A thundering burst of machine-gun fire just before 6.30am heralded the attack on the outskirts of Bregga, a sand-strewn service town about 150 miles south of Benghazi. The loyalist forces had crept in during the night, patiently set up in an industrial area on the city limits, and dug in.
« They arrived in 60-70 Toyota trucks, » said Wais Werfali, 40, who works in a nearby ammonia production plant. « They have set up a perimeter and are using families from the area as human shields. »
By sunset, the battle had been joined by rebels streaming down from the city of Ajdabiya. A decisive phase in this war for control of eastern Libya had begun.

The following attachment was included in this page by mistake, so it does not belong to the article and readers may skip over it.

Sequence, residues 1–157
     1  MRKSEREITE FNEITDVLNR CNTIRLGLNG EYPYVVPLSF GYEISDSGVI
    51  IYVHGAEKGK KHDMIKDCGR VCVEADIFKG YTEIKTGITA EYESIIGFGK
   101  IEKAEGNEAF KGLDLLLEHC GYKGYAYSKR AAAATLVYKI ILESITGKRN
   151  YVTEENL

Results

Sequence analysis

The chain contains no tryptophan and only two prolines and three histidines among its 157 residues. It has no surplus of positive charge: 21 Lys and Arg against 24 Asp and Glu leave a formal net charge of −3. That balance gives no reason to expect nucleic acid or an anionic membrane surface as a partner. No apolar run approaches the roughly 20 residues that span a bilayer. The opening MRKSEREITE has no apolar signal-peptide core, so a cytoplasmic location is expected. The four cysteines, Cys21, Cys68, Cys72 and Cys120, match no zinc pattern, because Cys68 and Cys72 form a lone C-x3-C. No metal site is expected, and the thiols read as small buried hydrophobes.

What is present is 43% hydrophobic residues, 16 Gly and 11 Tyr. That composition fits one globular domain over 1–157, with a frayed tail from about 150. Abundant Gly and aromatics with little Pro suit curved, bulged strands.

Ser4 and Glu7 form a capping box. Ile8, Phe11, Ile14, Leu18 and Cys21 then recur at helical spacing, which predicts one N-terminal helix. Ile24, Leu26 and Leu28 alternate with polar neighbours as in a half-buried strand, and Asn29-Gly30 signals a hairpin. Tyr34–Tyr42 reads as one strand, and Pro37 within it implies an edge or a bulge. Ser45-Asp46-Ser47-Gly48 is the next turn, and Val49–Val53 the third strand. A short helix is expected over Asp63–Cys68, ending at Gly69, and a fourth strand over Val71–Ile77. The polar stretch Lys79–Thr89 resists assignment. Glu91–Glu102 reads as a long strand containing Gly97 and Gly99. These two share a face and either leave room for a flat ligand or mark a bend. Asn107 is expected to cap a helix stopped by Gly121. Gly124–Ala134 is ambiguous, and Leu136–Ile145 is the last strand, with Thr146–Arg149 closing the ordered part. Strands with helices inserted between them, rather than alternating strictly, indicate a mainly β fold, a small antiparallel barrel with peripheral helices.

At least six people were killed in skirmishes that appeared to intensify throughout the afternoon and dozens more were wounded.
Most were rushed to an ill-equipped medical clinic at the centre of this low-set concrete town, where overwrought staff did the best they could to tend to battle wounds that were clearly not in the family medicine handbook.
« Bring blood, bring blood, » a nurse screamed as she stood near a middle-aged man bleeding from a bullet wound in the groin. An Indian doctor joined in: « The people from the town have come here all morning to donate blood, » he said. « We have some, it’s over there. »